How Slacklining Boosts Balance, Flexibility and Long Term Health

Man balancing on a slackline in the park
Improve your balance and health by learning to balance on a slackline

Slacklining is a dynamic balance sport, which involves walking, balancing, bouncing and even flipping on a stretchy line tensioned between two trees or anchor points. Walking across a slackline is like bouncing across a very thin trampoline.

Skills – Strength: 5, Balance: 10, Flexibility: 6, Agility: 7, Coordination: 10
Time needed: travelling time +12 hours, Cost to try: £free’, ‘

The sport originates from Yosemite Valley, California in the late 1970s, where climbers practiced balancing and surfing on chains around car parks. When the climbers progressed to rigging up climbing webbing and walking across it, the slackline was born.

What sort of skills does it involve and how will these boost fitness levels?

Slacklining is a continuous balance discipline and great for improving core strength, co-ordination, flexibility and focus.

While Slacklining, you use your core muscles to uphold your centre of balance and your arms and legs as a counterbalance. As your muscles are constantly working to keep you on the line, your body is getting a continuous workout.

The stronger you become in your core, the less you need to do with your arms. Although, once you can stay up for a while, just holding your arms up in the air with constant minor adjustments will get your shoulders burning!

Once balancing has been mastered, slackliners can tackle freestyle moves such as jumps and flips. A way of training on a slackline that is very beneficial to general fitness involves stillness, for example holding yoga positions on the line. Suddenly seemingly simple stretches become an intense training exercise in strength and flexibility.

What kind of person does it suit? What qualities does that person need?

We have found slacklining to have a very universal appeal. People of all ages and abilities can enjoy balancing and walking on the lines. You may find it easier to master the line if you have previous experience of other balance sports, such as gymnastics or surfing, but after a bit of practise everyone can learn to walk the line.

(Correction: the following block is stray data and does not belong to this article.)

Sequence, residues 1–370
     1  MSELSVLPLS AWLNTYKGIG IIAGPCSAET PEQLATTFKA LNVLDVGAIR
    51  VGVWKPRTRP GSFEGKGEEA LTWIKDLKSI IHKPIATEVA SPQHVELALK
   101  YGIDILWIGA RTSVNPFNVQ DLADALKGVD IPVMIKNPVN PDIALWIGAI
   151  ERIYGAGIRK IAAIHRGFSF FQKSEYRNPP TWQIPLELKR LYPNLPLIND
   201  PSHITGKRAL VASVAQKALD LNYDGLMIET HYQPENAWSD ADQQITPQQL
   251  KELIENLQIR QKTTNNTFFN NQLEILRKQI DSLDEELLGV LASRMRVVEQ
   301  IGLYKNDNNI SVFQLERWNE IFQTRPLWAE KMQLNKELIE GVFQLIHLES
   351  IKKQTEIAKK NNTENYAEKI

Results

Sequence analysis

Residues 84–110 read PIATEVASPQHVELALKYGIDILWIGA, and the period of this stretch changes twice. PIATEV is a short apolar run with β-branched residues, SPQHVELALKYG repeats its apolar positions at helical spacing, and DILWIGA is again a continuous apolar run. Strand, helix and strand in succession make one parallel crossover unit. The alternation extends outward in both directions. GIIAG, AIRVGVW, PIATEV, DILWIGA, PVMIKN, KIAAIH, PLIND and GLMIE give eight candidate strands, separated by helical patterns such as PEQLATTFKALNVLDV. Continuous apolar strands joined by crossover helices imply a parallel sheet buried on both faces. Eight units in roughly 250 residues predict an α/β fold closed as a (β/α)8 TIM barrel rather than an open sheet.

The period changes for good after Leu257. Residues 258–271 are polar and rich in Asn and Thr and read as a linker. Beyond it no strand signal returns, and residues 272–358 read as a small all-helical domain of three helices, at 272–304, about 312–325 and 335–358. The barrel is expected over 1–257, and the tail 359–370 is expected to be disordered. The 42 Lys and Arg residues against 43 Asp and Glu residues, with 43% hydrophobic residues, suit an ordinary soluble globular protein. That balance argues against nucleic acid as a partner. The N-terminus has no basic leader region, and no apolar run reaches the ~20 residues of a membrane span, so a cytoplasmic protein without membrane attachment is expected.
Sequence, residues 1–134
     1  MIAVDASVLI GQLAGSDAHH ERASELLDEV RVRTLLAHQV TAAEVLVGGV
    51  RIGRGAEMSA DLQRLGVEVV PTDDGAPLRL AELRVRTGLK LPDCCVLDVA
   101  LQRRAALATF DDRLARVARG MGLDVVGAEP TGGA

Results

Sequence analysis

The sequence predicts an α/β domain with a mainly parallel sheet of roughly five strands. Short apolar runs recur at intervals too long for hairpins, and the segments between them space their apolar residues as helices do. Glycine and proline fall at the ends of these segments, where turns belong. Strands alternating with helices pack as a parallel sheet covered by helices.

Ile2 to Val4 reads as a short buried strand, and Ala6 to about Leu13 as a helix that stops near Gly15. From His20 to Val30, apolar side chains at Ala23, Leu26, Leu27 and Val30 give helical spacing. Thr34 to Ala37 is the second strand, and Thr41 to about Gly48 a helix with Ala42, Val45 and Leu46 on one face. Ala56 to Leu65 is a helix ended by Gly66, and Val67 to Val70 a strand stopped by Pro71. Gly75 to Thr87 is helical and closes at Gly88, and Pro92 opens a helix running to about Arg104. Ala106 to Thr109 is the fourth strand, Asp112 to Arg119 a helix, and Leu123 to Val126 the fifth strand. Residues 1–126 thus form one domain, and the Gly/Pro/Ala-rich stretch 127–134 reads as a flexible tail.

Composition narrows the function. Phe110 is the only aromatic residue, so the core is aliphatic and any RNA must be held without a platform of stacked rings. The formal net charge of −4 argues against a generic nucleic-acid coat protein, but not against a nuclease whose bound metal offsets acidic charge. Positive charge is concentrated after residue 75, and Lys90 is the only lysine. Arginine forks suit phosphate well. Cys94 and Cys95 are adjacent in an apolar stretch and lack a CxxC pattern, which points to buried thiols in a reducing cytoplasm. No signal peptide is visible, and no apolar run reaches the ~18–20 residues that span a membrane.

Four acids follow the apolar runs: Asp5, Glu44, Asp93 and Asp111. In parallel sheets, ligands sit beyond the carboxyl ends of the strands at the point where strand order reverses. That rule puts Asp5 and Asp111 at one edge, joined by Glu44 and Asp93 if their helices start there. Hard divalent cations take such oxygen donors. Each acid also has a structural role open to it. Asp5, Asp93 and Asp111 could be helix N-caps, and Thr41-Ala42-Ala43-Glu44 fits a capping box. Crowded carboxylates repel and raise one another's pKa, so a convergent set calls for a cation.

On a scale of 1-10, how difficult is it?

When you first step onto a slackline, it can feel as difficult as a seven or eight, which makes it all the more rewarding when you do make it across the line. Once you have conquered this, it’s up to the slackliner how hard you want to push it regarding the tricks you’d like to learn.



SlackliningMaverick Slacklines


What is the best thing about slacklining?

One of the best things about Slacklining is that it is a very social sport. It only takes a couple of minutes to set up and get a session going with friends on the park, at the beach or in your garden.

Be warned, it is also highly addictive. Every time a beginner loses their balance and comes off the line, they get straight back up to see if they can get that little bit further along. This is why we always have very long queues at events as people are desperate to have another go.

It also has very good meditative qualities – once you step onto the line, all other thoughts leave your head – it really is just you and the line.


Video showing what you can do on a slackline


Where can readers go for more information?

For further information and to join Maverick Slacklining Clubs across the UK, visit

Public Slackline Centres

  • Ashdown Leisure Centre (Poole) Fortnightly sessions from 6pm – 8pm
  • Selston Leisure Centre (Nottingham) Thursdays from 8pm – 10pm
  • Lammas leisure centre (Nottingham) Thursdays from 6pm-8pm
  • Hucknall leisure centre (Nottingham) Thursdays from 6pm-8pm
  • For Brighton meet ups go to
  • For London meet ups go to


How much does it cost?

Slacklines cost around £45 for a decent one, but you can get an entry level slackline for around £20 which are available to buy online.
Slacklines available from

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